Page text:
The street in front of our house turns sharply and soon my wife and I are punishing the drive train of our tandem up a 12% grade. At a combined weight of 330lbs and a combined continuous rep pull-up max of 35 reps, we clearly aren’t your average bike monkeys. Nay, we are the larger, slower moving apes of the cycling world.
A spindly 130lb man flies past us up the hill with a weathered face that could say either 50+ years or 500,000 miles on a bicycle. He is clearly the master of this hill. His chiseled quads don’t look weak, but as a physical therapist, I wonder about his bones. I have heard of professional cyclists having low bone density and shattering hips on falls that wouldn’t have broken the average person’s bones. I’ve heard that because of the high cadence even a power output of 300w only produces about 100lb of force per stroke; less bone-stimulating weight bearing force than walking. But what does the research say? Is cycling bad for your bones?
Bone is living tissue, it is constantly being broken down and rebuilt, piece by piece. Cells called osteoclasts eat away at the bone and cells called osteoblasts make new bone. Over the course of 7-10 years the entire bone will be replaced. The balance of bone breakdown and bone rebuilding is determined by internal and external factors. Low bone density is called osteopenia, dangerously low bone density is called osteoporosis. Here are some of the most important factors:
- Estrogen promotes more bone growth, a drop in estrogen results in a drop in bone density.
- Cortisol results in a reduction in bone growth and thus prolonged cortisol results in lowering bone density. Cortisol is the hormone released when the body is under stress.
- Age: After around age 30, slightly more bone is broken down than rebuilt and bone density declines with age.
- Diet: If one doesn’t eat enough calcium (<1000mg/day), or doesn’t get enough vitamin-D (<600 IU/day) to absorb the calcium, there simply isn’t enough to make new bone out of.
- Genetics: Genetic factors affect
- Repetitive impact such as running or weight lifting breaks down bone, but this same impact signals the osteoblasts to make more bone and they usually end up making more than was damaged. The larger the weight (including the body weight), the more impact and thus the more bone growth.
To answer my questions about bone density and cycling I searched through google scholar and PubMed until I found a Systematic Review on Cycling and Bone Health published in 2012 by Hugo Olmedillas and his research group in Spain . They group examined all of the recent research and came to these conclusions
People who just ride a road bike all the time, really do have worse bone density and it only gets worse with time
- 2/3 of the professional and master adult road cyclists could be classified as osteopenic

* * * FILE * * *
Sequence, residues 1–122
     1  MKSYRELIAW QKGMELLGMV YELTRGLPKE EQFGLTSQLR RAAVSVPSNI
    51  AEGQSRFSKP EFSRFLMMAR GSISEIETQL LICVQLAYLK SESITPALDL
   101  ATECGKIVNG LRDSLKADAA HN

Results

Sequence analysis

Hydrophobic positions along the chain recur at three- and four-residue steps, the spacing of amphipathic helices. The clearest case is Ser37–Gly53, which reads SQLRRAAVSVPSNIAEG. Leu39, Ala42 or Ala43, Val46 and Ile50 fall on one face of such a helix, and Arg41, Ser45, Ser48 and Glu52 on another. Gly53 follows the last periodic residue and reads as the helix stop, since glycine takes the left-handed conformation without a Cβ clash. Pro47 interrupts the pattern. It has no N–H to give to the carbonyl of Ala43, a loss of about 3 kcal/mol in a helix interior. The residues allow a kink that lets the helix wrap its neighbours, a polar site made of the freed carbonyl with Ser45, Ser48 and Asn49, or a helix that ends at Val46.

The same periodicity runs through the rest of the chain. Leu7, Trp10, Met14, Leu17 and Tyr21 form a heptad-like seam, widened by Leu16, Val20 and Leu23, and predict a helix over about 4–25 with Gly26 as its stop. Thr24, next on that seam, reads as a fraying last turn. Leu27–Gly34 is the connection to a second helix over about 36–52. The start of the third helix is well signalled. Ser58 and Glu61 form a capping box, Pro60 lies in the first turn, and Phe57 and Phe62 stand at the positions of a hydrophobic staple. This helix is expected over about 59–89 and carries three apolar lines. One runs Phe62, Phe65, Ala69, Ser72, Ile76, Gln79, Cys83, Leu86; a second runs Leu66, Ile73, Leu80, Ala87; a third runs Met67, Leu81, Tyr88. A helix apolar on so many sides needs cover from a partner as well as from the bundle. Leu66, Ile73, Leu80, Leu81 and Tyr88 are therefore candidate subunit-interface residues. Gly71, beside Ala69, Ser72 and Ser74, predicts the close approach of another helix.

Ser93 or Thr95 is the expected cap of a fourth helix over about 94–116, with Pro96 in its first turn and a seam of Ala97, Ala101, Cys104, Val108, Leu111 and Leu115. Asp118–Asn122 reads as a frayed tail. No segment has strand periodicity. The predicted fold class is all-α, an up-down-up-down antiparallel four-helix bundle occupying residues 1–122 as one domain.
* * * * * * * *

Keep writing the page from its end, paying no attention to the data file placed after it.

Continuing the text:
- Both in professional and recreational cyclists, bone density has been found to be lower than in the general population [3,4]
- Nichols compared cylists to age-matched non-athletes. The cyclists lost more bone density over the course of the seven year study 
- Bone density in competitive cyclists gets worse as the racing season progresses 
- Low levels of bone density earlier in life may contribute to dangerously low levels (osteoporosis) later in life 
The Frenchman Brice Feillu won stage 7 of the Tour De France in 2009.
Some impact is better than none.
Almost any exercise is better for your bones than just endurance cycling (except maybe swimming).
- Wilks et all found that sprint trained cyclists had higher bone density than endurance trained cyclists 
- Mountain bikers have been found to have better bone density than road cyclists. 
- Weightlifting builds bone density more than anything else .
- Duathletes and Triathletes had higher bone density than those who only did endurance cycling. 
- Adolescent runners had better bone density than their peers who were cyclists or non-athletes .
You can’t just take extra calcium to get stronger bones. But a greater % of fat in the diet might help.
- Barry et al. tried to stave off the decline in bone density by giving a group of cyclists extra calcium but although it change their calcium levels after exercise, it didn’t improve their bone density .
- Brown et al. showed a small uptick in bone density in the group that ate a higher percentage of their diet as fat for 12 weeks, with no difference in body mass or fat between groups .
- Although factors such as nutrition and endocrine (ie cortisol levels from the stress of long rides) are beginning to be studied in cyclists, initial results haven’t shown levels far enough from normal to explain the low bone density .
Photo taken in Burundi by adventure cyclists Peter Gostelow
Calcium is like the bricks, impact is like the blueprints. Send extra bricks to the construction site but no orders and nothing extra gets built. Except maybe a kidney stone…